Are You A Skilful Investor Or Just Lucky?

The question of luck versus skill is one that comes up quite regularly in investing. It is not unusual for some investors to claim that the stock picks that have done well in their portfolios are down to skilful share selection.

They will crow about their success to anyone and everyone. And, yet, in the same breath, they will assert that the ones that have not done so well – or have crashed – are the result of bad luck.

If you think about it logically, both statements cannot possibly be true at the same time.

It is not possible to attribute shares that have done well to your skill as an investor but blame the ones that have not performed well to bad luck. So, which is it to be?

Peace of mind

Do we need to be truly skilful or do we need to be very lucky to succeed in investing? And how can we tell, if only for the sake of our own peace of mind and our egos, if our success has been due to luck or skill?

One good way to decide is to be totally honest with ourselves and determine if our stock selections are based on a strategy. Not just any old strategy, I should add.

Instead it should be a coherent and logical strategy that can be shared openly and explained with confidence to other investors. If the strategy involves a list of stocks, a blindfold and a set of darts, then I think we can safely say that skill has had very little to do with selecting the stocks.

Repeat performance

But if you are able to communicate and articulate an intelligible strategy and replicate the approach time and again, then it is very likely that skill has played an important part in your choosing your stocks.

Skilful investors should also be able to explain in detail – and without embarrassment – why each stock deserves to be kept in their portfolios.

Time is another good tell-tale sign of a skilful investor. There is little doubt that luck can sometimes play a big part in the short term. That could be for anything up to five to seven years, which is also roughly the time that it can take for a market to go through its typical economic cycle.

Right place, right time

So a lucky investor could perform well simply because the economy is performing well too. And in so doing, the investor might believe that the success is due to skill, when in fact it is merely because he or she was in the right place at the right time.

But beyond that timescale, luck for the lucky investor could quickly run out. In fact, the longer that you can outperform the market, the more likely you can attribute your success to skill. No one can possibly deny that Warren Buffett’s decades of success can be attributed to anything other than skilful investing.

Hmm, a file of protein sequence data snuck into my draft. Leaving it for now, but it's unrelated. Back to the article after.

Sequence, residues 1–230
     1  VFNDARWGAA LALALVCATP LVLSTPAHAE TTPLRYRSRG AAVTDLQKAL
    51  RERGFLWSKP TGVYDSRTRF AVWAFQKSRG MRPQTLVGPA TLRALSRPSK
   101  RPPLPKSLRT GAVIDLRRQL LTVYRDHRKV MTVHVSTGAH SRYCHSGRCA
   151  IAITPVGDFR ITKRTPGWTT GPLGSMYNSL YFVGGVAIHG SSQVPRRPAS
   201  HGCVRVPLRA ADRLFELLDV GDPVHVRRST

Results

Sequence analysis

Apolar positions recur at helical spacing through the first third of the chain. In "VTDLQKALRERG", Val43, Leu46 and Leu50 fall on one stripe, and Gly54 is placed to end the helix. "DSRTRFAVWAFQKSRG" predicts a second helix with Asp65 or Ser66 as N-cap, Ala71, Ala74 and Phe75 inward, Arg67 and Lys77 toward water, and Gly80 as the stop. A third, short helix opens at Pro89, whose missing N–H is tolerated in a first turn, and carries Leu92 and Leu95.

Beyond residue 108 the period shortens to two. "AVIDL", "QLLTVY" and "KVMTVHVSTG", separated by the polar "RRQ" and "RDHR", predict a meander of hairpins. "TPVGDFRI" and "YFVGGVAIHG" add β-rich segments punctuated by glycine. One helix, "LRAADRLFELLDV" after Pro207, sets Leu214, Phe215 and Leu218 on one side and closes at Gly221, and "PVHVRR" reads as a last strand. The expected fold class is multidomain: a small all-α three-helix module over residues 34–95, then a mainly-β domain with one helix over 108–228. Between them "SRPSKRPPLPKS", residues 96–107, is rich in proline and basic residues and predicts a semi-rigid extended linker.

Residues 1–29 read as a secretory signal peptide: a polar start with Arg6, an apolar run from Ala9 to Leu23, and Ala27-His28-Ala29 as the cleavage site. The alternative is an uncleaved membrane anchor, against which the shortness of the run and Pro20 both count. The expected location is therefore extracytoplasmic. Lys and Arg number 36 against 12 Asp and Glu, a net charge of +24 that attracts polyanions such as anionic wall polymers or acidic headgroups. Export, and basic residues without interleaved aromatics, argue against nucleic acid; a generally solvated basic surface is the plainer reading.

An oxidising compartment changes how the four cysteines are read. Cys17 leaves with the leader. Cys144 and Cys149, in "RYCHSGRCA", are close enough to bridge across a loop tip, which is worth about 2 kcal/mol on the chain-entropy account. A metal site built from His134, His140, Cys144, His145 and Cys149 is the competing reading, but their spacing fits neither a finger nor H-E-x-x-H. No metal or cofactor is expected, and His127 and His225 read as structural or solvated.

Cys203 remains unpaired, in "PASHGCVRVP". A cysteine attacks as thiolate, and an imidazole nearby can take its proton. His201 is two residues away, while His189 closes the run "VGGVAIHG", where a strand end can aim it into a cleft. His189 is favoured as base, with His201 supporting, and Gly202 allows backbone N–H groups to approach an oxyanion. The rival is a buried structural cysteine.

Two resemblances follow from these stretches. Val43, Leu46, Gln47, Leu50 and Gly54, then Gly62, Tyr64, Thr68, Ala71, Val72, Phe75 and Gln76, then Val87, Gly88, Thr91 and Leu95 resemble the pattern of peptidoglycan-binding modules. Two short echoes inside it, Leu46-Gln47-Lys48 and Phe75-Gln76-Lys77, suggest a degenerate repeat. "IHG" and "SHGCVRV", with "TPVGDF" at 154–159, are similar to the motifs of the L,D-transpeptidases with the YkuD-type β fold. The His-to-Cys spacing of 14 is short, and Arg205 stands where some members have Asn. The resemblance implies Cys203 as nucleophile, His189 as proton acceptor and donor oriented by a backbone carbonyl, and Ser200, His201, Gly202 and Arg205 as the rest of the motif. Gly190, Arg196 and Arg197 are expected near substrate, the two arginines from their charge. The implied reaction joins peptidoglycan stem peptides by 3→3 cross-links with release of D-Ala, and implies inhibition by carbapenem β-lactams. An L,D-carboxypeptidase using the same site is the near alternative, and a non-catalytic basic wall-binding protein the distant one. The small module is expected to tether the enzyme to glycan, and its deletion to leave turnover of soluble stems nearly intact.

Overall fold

Consistently successful

A skilful investor should also be consistently successful. Peter Lynch, who is another very successful investor of our time once said: “In this business, if you’re good, you’re right six times out of ten. You’re never going to be right nine times out of ten.

So, if at least six out of every ten shares that you have picked have done well, then it is quite likely that skill has played an important part in your stock selections. But if your success is due to one solitary big winner, then luck might have played a big part in your outperformance.

There is nothing wrong with that. But just thank you lucky stars and walk away. In fact, think seriously about putting your proceeds into an index tracker, such as the STI ETF (SGX: ES3), which could deliver a return of around 8% a year. Why? That is because it might not be that easy to repeat the same trick again, if ever.

Blame game

Finally, how we handle failure can provide some big clues as to whether our success is down to skill rather than luck.

Successful investors will always be able to accept failure in their stride because they know that to come out ahead you don’t have to be right all of the time. Skilful investors know that they will inevitably make mistakes along the way.

But they will never blame anything or anyone other than themselves for shares that underperform. Instead, they will go back and find out why and where they might have gone wrong.

They will always start with a thesis, build a model around the thesis and decide if an investment makes good sense, whilst leaving a good margin of safety. That is the mark of really skilful investors.

They work hard at their strategies because as American movie producer, Samuel Goldwyn, once said: “The harder I work, the luckier I get”.

A version of this article first appeared in the Straits Times.

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